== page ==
Hey, folks, welcome to another episode of The You School podcast. My name is Scott Schimmel. I'm the president and chief guide that's my official title, podcast hosts is my unofficial title. And today we're talking about, I think, probably my favorite conversation having to do with all the things that we discussed in new school. And it's about helping people clarify and define who they want to be when they grow up, which is a very different, it's actually a very different conversation than what we typically have with young people. We typically, and I do this too, even though I wrote the book, I run this podcast, I will still default into asking kids, what are you going to do when you grew up? And versions of that? Where are you going to college? What are you going to major in? What kind of job? Are you looking for those sorts of externals. And obviously, those are very, very important. And those parts of our lives academics, and job and career, define us and and say so much about us. But there's so much more to life. And what I've learned and a real core hypothesis to YouSchool, is if that's your unique focus, whether you're a student, you're a parent with kids, and educator. If our unique focus is about academics and and career, then we're doing kids a great disservice, we're missing out on the most important opportunities, which is to grow up well. I remember being 21 years old, and walking into an office to have my final interview to go into a career that I had been preparing and planning for for years, to go and follow my father's footsteps to go into a career in public accounting, worked for a big accounting firm. And I had a nightmare. The night before that I went in to sign a contract that I was going to start working for this accounting firm. When I graduated college, and I told the managing partner, I told the boss, I told the guy about that nightmare, that I was going to turn into someone in 20 years that I didn't want to be. And I didn't take the job. And what that meant for me was if I'm not that person in a career, the question would then be, who will I be? And I knew even at 21 years old, the more important question was that Who will I be? not What will I do? And maybe as I don't know, if that's like, the early midlife crisis for me, maybe this is my theory back then maybe if I could figure out who I want to be, then when I do that, that decision, and those set of complex decisions could become easier. And that's what I've been pursuing for the past 20-21 years. That was half of my lifetime ago. And what I've been saying what we've been saying, through YouSchool is this- kids get asked all the time, what they want to do when they grow up, high schoolers get asked what their plans are, after graduation, college students get asked the same thing with a big emphasis on work. But we never asked them more important question that foundationally will prepare a kid for success. And here it is, what kind of person do you want to be? Now, we don't ask that question. And here's what happens. We forget to ask who we who they want to be. And kids go with the flow. They go with the flow, meaning whatever their culture is, whether they're from a high achieving low achieving culture, environment, they will really generally go with the flow. I went to a private Catholic high school that was very bent on university success and career success. And which Ivy League school you're going to and, and I was a part of the honors classes and AP classes. And so the culture, the environment, the flow, was all pointed in that direction. Not once though, as far as I remember, do we talk about what kind of neighbor do you want to be when you're older? What kind of father/parent do you want to be? What kind of friend do you want to be? Those are the questions that we didn't discuss, but rather we discuss how do you get the right scores and GPA to get into school you want to go to. So if that's true, I think I missed out on opportunities. Opportunities because they're so myopically focused on career in college, I missed out on opportunities to grow it to explore things to put myself in situations that made me uncomfortable. And as a result, I unconsciously went with a flow that was not right for me. If I had the opportunity, I believe when I was 15, 16, 17, to really think about these questions, I wouldn't have chosen the college chosen the major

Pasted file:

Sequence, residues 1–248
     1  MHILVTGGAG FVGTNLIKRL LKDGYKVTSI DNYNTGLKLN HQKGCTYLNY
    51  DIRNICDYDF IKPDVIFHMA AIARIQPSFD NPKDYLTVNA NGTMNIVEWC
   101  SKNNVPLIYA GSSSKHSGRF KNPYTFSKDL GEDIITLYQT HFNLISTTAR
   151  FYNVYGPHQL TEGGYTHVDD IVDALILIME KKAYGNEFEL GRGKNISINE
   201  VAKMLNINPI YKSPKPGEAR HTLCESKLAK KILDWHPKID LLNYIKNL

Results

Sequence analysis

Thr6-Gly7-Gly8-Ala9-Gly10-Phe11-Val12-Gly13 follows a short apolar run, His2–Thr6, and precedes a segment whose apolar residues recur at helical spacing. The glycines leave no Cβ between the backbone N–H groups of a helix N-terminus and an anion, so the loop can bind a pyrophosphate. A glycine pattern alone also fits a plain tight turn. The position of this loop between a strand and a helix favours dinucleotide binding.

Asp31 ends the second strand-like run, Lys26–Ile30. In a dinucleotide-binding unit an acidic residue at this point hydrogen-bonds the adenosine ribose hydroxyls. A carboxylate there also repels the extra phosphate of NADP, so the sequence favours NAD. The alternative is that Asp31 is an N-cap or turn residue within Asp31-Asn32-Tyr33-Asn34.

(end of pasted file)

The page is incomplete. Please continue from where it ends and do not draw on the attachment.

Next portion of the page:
shut off growth and development. And I regretted that. I, you know, it all worked out. And I think many people would say the same thing. It worked out for me. However, I know many people who made regrettable decisions about their life who now are feel or are stuck with the decisions that they made early on, because they didn't have clarity about who they wanted to be. And you will become someone. But will it be right? Will it be authentic. And I'm personally committed to helping an entire generation not have to have a midlife crisis where people wake up, when they're finally at a point of more self awareness and more confidence to get out of the situations that regrettable decisions that they made, and get on a path that's right, and all the pain and trauma and carnage that comes from midlife crisis. Like that's, I want to solve that. So how do you do it? There's one main question, it's a prompt, who do you want to be? And that's such a vague abstract question. So we need to ground it. What kind of person do you want to be in in this specific and different roles that you will play in your life? It's hard to I think it's hard to know, I don't know, I want to be happy. I want to be kind I want to be someone who fights for justice, like those are really abstract big ideas. But if you grounded in a role, you think about what kind of data do you want to be? Or what kind of leader in work do you want to be? What kind of what do you want to be known for in your neighborhood? That those two ground that big abstract question with those prompts, what we've seen now, doing these exercises with 1000s of students, hundreds and hundreds of transitioning veterans, athletes, corporate executive mean, we, we've known that if we help people articulate and imagine the kind of characteristics they might have the attributes they would embody, and what ways they might be known by others remembered for what kind of interactions they hope to have experiences, that other people would have them kind of impact they want to have. These are the prompts that help somebody get to clarity, and it works. So if you're listening to this is the exercise for you. You in five years, you plus five, what kind of person do you want to be? And we'll look closer at this. Yeah, who you turn into isn't just left to chance. It's not like a preset prefixed menu. It's not just over time that your natural state emerges and unfolds. And then you're, you know, you're it, this is who you are, it just took a while to get there. That's that's not how it works. Your future character who you will be, is predicted by the clarity you have now, and the many little choices that you make now, to live into the vision that you have, in other words, get clarity today about who you want to be. And that will become that you'll become it. So, again, the most important conversation that we have, and the most important critical question that we ask, Who do you want to be? What kind of person do you want to be? So get a vision for life, get a vision for who you're turning into, and pursue it. That's it. That's this week's conversation. Hey, thanks for joining in on the YouSchool podcast, we'd love to share with you the resources available on our website at theyouschool.com not just articles, ebooks, worksheets and other podcast episodes, but specifically you should know about a free course we have available called the real me course. It's digital, it's interactive, and it will guide you to get clear about who you are in the great story you could tell with your life. So go register for a free account and get started on the real new course today at theyouschool.com. That's the you school dot com.
Transcribed by https://otter.ai